Even though stress doesn't cause infertility, coping with stress while struggling to conceive can wreak havoc on someone's mental health. This is the reality for an estimated 186 million people globally who report fertility issues, according to the World Health Organization. And those who explore options like in vitro fertilization (IVF) can face a pressure-packed process due to substantial costs, hormonal impacts, anticipatory anxiety, higher rates of miscarriage and so on.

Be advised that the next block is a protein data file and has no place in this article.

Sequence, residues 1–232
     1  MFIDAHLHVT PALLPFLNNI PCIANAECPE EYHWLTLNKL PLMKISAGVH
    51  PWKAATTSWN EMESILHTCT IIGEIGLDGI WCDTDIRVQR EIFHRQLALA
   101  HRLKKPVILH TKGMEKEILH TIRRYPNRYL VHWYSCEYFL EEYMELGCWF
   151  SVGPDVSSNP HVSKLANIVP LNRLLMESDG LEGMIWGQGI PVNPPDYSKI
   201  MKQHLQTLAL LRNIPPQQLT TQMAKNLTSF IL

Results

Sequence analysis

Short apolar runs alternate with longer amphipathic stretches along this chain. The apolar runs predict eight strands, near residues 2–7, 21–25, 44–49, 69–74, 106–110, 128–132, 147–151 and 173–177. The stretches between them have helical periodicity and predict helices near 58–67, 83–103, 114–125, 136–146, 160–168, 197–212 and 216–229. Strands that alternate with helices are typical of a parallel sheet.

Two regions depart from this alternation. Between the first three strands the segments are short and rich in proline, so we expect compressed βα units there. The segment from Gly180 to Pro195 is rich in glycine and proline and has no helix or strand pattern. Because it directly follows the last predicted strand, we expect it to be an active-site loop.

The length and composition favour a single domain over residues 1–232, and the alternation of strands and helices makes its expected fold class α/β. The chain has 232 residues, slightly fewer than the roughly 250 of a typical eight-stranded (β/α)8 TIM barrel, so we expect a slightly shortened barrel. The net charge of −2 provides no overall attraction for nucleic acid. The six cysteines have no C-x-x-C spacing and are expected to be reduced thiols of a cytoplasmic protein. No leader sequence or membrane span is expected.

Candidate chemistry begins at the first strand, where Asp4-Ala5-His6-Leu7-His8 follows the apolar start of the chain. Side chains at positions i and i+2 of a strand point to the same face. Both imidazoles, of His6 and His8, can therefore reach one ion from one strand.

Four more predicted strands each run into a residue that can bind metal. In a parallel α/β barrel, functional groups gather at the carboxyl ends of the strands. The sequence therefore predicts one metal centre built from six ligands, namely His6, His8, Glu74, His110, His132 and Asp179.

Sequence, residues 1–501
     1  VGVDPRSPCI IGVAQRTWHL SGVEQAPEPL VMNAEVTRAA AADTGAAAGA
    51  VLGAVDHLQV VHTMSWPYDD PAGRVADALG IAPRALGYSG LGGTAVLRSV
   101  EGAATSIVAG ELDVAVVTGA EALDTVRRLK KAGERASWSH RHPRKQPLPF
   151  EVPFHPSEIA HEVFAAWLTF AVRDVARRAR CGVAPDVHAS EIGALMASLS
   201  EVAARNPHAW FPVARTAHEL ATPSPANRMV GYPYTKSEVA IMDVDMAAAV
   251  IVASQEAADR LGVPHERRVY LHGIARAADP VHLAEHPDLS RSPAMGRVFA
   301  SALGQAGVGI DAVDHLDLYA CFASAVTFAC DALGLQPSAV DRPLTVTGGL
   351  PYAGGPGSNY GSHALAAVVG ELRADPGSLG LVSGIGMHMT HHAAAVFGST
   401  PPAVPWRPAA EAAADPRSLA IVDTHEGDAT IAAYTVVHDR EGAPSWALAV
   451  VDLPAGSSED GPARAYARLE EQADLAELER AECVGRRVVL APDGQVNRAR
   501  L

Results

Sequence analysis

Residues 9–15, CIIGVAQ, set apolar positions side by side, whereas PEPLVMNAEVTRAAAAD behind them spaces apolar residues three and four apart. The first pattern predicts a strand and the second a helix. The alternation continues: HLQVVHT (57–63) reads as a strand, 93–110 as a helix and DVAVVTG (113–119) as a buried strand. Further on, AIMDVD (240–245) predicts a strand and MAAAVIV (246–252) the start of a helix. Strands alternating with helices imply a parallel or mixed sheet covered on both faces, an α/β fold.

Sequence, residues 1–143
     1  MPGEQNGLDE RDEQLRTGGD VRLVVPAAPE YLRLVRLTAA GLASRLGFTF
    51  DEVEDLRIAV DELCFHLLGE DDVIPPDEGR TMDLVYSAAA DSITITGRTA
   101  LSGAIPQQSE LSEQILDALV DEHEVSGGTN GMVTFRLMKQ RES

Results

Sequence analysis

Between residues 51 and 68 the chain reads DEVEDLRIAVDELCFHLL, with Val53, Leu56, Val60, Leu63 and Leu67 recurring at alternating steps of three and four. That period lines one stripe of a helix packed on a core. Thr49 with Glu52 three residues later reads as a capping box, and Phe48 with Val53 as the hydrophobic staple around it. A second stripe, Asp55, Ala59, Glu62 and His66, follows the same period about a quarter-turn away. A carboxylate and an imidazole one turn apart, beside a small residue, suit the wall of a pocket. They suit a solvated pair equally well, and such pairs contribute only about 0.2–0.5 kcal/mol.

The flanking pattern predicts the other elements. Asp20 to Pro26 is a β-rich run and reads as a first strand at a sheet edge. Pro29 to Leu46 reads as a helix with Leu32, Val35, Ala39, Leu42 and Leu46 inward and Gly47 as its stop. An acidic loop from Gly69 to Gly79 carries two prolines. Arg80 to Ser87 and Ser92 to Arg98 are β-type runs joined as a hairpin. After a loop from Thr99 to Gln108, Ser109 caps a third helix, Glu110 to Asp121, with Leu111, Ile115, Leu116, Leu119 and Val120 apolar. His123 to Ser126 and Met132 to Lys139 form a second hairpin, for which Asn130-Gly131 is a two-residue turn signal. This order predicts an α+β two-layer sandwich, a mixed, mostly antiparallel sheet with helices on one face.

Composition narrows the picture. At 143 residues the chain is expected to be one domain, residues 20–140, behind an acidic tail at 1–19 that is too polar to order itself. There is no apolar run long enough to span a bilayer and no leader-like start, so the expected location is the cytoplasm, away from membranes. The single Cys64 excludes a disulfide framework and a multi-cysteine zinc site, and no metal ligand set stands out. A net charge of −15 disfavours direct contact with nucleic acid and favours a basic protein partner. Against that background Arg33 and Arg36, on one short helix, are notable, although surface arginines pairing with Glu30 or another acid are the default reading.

Become aware of your stress
"Regaining your calm and balance helps not only your physical and reproductive health, but also your relationship and your sex life," said Seattle-based psychologist Sarah Rattray, Ph.D. She recommends that the first step in managing your stress is admitting its existence, as the tension can creep up over time